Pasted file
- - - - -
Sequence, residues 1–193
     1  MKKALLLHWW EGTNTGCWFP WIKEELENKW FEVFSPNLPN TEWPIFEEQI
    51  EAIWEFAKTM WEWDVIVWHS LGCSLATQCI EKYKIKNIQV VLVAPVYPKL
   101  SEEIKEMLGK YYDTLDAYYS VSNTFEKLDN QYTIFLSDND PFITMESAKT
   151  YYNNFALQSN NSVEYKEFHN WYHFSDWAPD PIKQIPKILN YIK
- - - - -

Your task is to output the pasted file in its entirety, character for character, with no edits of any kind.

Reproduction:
Sequence, residues 1–193
     1  MKKALLLHWW EGTNTGCWFP WIKEELENKW FEVFSPNLPN TEWPIFEEQI
    51  EAIWEFAKTM WEWDVIVWHS LGCSLATQCI EKYKIKNIQV VLVAPVYPKL
   101  SEEIKEMLGK YYDTLDAYYS VSNTFEKLDN QYTIFLSDND PFITMESAKT
   151  YYNNFALQSN NSVEYKEFHN WYHFSDWAPD PIKQIPKILN YIK